It must be noted that, as used in the specification and the appended claims, the singular forms “a,” “an,” and “the” include plural referents unless the context clearly dictates otherwise. Thus, for example, reference to “a support” includes a plurality of supports. In this specification and in the claims that follow, reference will be made to a number of terms and phrases that shall be defined to have the following meanings unless a contrary intention is apparent.

DEFINITIONS

As used herein, the term “material” can refer to a paper or paper product.

As used herein, the terms “paper” or “paper product” (these two terms are used interchangeably) is understood to include a sheet material that contains paper fibers, and may also contain other materials. Suitable paper fibers include natural and synthetic fibers, for example, cellulosic fibers, wood fibers of all varieties used in papermaking, other plant fibers, such as cotton fibers, fibers derived from recycled paper; and the synthetic fibers, such as rayon, nylon, fiberglass, or polyolefin fibers. The paper product may be composed only of natural fibers, only of synthetic fibers, or a mixture of natural fibers and synthetic fibers. For instance, in the preparation of a paper product a paper web or paper material may be reinforced with synthetic fibers, such as nylon or fiberglass. As used herein, the terms “paper web” and “web” are understood to include both forming and formed paper sheet materials, papers, and paper materials containing paper fibers.

Paper can include, but is not limited to, writing papers and printing papers (e.g., uncoated mechanical, total coated paper, coated free sheet, coated mechanical, uncoated free sheet, and the like), industrial papers, tissue papers of all varieties, paperboards, cardboards, packaging papers (e.g., unbleached kraft paper, bleached kraft paper), wrapping papers, paper adhesive tapes, paper bags, paper cloths, toweling, wallpapers, carpet backings, paper filters, paper mats, decorative papers, disposable linens and garments, and the like.

Paper can include tissue paper products. Tissue paper products include sanitary tissues, household tissues, industrial tissues, facial tissues, cosmetic tissues, soft tissues, absorbent tissues, medicated tissues, toilet papers, paper towels, paper napkins, paper cloths, paper linens, and the like.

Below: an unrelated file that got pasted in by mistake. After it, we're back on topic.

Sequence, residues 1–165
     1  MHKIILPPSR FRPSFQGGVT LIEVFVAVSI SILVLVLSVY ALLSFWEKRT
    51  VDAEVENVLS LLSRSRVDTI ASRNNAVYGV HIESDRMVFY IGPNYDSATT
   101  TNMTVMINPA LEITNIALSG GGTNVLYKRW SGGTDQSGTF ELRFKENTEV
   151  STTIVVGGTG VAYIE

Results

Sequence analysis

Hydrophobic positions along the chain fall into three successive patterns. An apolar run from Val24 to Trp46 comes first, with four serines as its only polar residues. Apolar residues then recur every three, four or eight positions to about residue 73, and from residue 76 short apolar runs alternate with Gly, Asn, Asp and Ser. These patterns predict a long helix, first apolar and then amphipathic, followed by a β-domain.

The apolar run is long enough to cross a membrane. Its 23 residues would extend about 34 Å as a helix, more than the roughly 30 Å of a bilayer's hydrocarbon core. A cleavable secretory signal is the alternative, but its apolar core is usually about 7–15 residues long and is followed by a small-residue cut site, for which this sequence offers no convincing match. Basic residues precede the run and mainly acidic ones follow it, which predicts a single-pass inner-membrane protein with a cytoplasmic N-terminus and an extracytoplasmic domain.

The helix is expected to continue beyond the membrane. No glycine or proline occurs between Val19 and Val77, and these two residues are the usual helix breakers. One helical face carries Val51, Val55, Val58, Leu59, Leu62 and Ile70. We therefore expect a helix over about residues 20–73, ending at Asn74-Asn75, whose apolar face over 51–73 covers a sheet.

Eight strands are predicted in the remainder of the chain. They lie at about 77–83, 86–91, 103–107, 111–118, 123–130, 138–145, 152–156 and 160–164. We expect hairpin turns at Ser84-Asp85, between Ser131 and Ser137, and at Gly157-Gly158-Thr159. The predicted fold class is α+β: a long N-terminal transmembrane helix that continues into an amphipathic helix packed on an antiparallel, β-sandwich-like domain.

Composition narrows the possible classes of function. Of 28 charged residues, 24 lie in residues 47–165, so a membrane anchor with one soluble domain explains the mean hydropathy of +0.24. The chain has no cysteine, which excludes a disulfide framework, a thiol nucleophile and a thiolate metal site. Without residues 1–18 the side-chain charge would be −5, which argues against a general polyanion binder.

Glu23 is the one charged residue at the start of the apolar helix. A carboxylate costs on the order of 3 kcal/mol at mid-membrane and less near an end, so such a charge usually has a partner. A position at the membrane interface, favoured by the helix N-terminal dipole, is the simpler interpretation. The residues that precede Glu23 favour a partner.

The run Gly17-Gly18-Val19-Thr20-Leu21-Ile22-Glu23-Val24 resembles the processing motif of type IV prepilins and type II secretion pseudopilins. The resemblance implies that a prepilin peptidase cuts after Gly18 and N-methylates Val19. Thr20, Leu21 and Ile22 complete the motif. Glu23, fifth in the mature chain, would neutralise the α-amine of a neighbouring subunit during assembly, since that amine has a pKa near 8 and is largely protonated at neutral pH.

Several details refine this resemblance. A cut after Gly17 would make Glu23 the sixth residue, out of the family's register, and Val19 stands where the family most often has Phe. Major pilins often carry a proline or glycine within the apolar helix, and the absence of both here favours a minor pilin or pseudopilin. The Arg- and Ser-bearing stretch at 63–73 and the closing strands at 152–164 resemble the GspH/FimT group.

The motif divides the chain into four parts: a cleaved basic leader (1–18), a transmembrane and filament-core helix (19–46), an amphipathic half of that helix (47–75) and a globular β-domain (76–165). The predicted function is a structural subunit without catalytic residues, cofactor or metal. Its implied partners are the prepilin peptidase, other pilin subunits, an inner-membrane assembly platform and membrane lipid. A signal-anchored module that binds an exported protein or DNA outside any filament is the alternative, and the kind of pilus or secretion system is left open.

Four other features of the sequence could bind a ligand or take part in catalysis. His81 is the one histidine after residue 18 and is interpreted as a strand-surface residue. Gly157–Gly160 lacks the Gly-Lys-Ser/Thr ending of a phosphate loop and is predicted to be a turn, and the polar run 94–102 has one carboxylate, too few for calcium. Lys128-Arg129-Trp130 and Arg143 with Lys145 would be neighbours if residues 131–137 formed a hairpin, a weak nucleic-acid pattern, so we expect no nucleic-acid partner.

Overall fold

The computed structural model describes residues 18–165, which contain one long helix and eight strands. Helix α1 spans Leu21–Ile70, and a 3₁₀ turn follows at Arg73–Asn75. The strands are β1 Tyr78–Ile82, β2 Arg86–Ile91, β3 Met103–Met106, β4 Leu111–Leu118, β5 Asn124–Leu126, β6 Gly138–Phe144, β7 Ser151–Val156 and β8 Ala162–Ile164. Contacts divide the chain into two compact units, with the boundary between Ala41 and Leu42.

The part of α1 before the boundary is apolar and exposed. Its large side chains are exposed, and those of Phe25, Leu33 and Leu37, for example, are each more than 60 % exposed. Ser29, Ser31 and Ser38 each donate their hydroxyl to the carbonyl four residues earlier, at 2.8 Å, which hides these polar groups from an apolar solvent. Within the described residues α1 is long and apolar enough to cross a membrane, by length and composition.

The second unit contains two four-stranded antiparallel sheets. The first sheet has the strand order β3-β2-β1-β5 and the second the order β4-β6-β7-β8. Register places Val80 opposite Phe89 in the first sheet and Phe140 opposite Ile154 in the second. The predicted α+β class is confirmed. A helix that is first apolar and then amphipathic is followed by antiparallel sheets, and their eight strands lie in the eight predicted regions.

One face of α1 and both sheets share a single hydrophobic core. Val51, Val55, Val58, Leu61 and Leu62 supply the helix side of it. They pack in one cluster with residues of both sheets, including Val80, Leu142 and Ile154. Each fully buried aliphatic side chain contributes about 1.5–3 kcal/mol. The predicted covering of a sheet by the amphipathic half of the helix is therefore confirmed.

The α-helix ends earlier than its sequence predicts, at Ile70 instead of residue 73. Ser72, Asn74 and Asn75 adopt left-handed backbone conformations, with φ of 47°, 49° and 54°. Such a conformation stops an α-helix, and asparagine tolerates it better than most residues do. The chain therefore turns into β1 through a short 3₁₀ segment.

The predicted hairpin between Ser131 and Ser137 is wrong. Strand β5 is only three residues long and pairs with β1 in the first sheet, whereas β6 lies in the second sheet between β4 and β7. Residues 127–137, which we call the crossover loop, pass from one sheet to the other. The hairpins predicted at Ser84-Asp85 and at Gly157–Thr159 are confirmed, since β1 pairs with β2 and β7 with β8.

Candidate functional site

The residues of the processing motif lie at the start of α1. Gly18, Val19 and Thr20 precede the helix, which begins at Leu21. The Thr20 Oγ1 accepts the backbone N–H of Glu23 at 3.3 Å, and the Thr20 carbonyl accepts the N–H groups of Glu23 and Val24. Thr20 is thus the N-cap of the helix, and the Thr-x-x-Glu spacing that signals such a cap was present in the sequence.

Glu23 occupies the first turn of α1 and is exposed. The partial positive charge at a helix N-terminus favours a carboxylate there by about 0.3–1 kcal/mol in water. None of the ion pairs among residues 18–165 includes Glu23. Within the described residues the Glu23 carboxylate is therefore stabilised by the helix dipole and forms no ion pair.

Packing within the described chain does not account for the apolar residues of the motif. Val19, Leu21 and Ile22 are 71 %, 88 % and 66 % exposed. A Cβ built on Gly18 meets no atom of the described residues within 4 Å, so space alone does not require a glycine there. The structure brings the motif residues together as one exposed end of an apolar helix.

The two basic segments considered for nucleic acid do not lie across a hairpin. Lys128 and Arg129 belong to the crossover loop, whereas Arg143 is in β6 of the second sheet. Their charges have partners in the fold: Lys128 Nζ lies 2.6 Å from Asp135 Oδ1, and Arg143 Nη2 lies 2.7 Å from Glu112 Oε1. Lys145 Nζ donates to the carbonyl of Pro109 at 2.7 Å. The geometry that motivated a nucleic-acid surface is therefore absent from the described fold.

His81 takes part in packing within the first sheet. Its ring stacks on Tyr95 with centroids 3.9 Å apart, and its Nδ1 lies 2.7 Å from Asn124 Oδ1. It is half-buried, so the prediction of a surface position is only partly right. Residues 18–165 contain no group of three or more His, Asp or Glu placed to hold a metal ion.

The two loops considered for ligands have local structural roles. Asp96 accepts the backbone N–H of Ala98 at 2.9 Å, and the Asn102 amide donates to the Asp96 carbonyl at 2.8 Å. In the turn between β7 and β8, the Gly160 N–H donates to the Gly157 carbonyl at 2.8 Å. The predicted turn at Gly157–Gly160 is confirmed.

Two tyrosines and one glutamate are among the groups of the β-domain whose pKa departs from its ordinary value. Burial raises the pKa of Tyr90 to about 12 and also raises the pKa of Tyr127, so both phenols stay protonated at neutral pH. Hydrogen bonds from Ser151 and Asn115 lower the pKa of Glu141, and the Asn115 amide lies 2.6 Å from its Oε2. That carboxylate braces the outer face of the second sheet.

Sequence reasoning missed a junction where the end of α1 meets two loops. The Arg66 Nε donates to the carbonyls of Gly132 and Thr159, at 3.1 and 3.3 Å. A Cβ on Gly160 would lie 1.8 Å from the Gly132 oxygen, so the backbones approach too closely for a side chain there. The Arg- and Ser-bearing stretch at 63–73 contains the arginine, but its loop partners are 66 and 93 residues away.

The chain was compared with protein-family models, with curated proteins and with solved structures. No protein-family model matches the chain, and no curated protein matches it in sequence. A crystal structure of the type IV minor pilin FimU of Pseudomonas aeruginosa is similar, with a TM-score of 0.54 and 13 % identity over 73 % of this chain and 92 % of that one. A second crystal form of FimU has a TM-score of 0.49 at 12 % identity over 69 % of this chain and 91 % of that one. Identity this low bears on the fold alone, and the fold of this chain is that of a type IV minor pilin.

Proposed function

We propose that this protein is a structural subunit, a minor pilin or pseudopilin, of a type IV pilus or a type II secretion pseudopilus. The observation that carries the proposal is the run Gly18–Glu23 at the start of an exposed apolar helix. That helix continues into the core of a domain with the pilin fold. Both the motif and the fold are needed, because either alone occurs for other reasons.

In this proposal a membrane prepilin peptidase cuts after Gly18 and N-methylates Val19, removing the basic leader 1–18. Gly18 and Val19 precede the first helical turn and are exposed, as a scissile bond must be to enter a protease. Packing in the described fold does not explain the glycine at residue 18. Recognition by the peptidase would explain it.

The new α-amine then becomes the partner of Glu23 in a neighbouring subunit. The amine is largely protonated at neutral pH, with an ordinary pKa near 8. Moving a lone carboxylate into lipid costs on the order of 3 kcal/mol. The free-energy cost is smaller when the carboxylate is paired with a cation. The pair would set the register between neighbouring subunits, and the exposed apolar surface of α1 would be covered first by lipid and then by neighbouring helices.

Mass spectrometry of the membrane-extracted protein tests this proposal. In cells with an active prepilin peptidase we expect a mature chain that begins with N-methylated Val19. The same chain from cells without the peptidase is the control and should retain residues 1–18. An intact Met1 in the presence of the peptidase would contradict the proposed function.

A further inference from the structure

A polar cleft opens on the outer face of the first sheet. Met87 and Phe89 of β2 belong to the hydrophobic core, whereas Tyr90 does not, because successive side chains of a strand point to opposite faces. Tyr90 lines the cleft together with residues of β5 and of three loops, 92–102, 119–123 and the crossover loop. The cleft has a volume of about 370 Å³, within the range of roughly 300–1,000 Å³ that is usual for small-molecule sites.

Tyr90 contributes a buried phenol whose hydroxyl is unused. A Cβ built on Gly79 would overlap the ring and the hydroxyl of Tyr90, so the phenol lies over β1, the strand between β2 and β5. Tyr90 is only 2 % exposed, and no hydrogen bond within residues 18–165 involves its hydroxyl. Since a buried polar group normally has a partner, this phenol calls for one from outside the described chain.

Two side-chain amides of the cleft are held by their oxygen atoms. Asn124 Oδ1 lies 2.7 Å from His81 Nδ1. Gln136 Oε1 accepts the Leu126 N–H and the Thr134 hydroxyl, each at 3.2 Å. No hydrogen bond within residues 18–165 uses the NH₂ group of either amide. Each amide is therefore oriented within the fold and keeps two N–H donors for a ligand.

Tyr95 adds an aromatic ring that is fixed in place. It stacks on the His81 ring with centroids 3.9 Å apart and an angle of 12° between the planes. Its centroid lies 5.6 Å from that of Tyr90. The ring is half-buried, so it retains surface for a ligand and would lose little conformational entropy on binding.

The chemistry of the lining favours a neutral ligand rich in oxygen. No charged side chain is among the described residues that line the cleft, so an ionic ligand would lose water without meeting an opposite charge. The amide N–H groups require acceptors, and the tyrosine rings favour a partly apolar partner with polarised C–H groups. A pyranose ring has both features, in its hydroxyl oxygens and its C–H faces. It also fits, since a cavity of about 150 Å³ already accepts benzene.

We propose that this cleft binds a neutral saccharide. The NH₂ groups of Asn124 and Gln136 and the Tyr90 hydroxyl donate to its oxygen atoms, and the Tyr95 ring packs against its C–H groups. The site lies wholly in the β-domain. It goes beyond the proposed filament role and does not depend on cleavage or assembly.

A tissue paper may be a feltpressed tissue paper, a pattern densified tissue paper, or a high bulk, uncompacted tissue paper. A tissue paper may be characterized as: creped or uncreped; of a homogeneous or multilayered construction; layered or non-layered (blended); and/or one-ply, two-ply, or three or more plies. Tissue paper may include soft and absorbent paper tissue products such as consumer tissue products.

Paper may refer to a paper product such as dry paper board, fine paper, towel, tissue, and newsprint products. Dry paper board applications include liner, corrugated medium, bleached, and unbleached dry paper board.

Paper can include carton board, container board, and special board/paper. Paper can include boxboard, folding boxboard, unbleached kraft board, recycled board, food packaging board, white lined chipboard, solid bleached board, solid unbleached board, liquid paper board, linerboard, corrugated board, core board, wallpaper base, plaster board, book bindery board, woodpulp board, sack board, coated board, and the like.

Discussion

The various exemplary embodiments described herein include methods of characterizing the topography (e.g., the three dimensional contours of a surface) of a material, devices useful for characterizing the topography of a material, computer systems useful for characterizing the topography of a material, and the like. In an embodiment, the topography of the surface of the material can be regular or irregular along the length or width of the material.

An exemplary material is one that has been creped (e.g., a creped tissue paper). For example, in some commercially-available bath tissue, a key operation in the tissue manufacturing process is the creping mechanism. Generally speaking in a typical creping process, a continuous paper web is adhered to a large heated rotating drum (Yankee cylinder). The drum dries the web by heating and evaporating the water from the paper web. The dried paper web is scraped off of the cylinder with a blade. As a result crepe folds are generated in the web, forming an irregular periodic waveform along the machine-direction of the web, with crepe folds extending generally in the cross-direction of the web. The geometry of the creped material is not necessarily uniform, varying in both the cross-direction and machine-direction of the material. The various methods, devices, and systems described herein can be used to characterize the surface topography associated with the creping.